The purpose of this study is to compare the clinical outcomes depending on catheter ablation strategy for persistent atrial fibrillation. After randomization, investigators will conduct ci...

Alster-Lost-AF-Study

The chronic success rate, defined as freedom from any atrial tachyarrhythmias will increase from 35% to 60% by ablation of complex fragmented atrial electrograms potentials in addition to ...

Medical and Biotech [MESH] Definitions

Narrowing of the PULMONARY VEIN.

An anomalous pulmonary venous return in which the right PULMONARY VEIN is not connected to the LEFT ATRIUM but to the INFERIOR VENA CAVA. Scimitar syndrome is named for the crescent- or Turkish sword-like shadow in the chest radiography and is often associated with hypoplasia of the right lung and right pulmonary artery, and dextroposition of the heart.

A malformation of the heart in which the embryonic common PULMONARY VEIN was not incorporated into the LEFT ATRIUM leaving behind a perforated fibromuscular membrane bisecting the left atrium, a three-atrium heart. The opening between the two left atrium sections determines the degree of obstruction to pulmonary venous return, pulmonary venous and pulmonary arterial hypertension.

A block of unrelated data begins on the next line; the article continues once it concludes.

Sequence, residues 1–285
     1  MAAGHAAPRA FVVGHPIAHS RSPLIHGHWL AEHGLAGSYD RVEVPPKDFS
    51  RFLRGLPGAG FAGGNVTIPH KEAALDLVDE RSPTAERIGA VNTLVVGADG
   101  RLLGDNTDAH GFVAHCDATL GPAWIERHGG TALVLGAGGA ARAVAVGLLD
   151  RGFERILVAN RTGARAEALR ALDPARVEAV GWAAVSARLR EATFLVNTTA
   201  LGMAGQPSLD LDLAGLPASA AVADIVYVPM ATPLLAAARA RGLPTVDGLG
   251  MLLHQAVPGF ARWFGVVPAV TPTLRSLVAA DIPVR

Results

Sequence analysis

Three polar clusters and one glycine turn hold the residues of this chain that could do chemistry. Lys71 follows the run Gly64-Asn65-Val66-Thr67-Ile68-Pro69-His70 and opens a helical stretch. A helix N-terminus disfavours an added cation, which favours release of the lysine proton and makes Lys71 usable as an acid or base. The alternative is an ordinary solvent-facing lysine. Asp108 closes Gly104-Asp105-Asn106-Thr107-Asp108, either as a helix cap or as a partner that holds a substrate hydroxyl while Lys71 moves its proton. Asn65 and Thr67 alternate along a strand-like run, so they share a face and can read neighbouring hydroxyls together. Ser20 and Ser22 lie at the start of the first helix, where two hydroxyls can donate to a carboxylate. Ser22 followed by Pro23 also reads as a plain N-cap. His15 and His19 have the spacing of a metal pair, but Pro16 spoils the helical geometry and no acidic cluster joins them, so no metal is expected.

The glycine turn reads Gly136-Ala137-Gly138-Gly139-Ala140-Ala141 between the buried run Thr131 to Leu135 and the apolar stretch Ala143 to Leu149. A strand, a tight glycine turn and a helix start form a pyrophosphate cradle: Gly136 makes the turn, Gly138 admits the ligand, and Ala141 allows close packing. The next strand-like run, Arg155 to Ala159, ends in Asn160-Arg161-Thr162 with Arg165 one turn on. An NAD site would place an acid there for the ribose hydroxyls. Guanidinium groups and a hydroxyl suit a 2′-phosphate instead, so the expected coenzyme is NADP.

A short thick vein formed by union of the superior mesenteric vein and the splenic vein.

Placement of a balloon-tipped catheter into the pulmonary artery through the antecubital, subclavian, and sometimes the femoral vein. It is used to measure pulmonary artery pressure and pulmonary artery wedge pressure which reflects left atrial pressure and left ventricular end-diastolic pressure. The catheter is threaded into the right atrium, the balloon is inflated and the catheter follows the blood flow through the tricuspid valve into the right ventricle and out into the pulmonary artery.

Quick Search


DeepDyve research library

Relevant Topic

Pulmonary
Pulmonary relating to or associated with the lungs eg Asthma, chronic bronchitis, emphysema, COPD, Cystic Fibrosis, Influenza,  Lung Cancer, Pneumonia, Pulmonary Arterial Hypertension, Sleep Disorders etc Follow and track Lung Cancer News ...


Searches Linking to this Article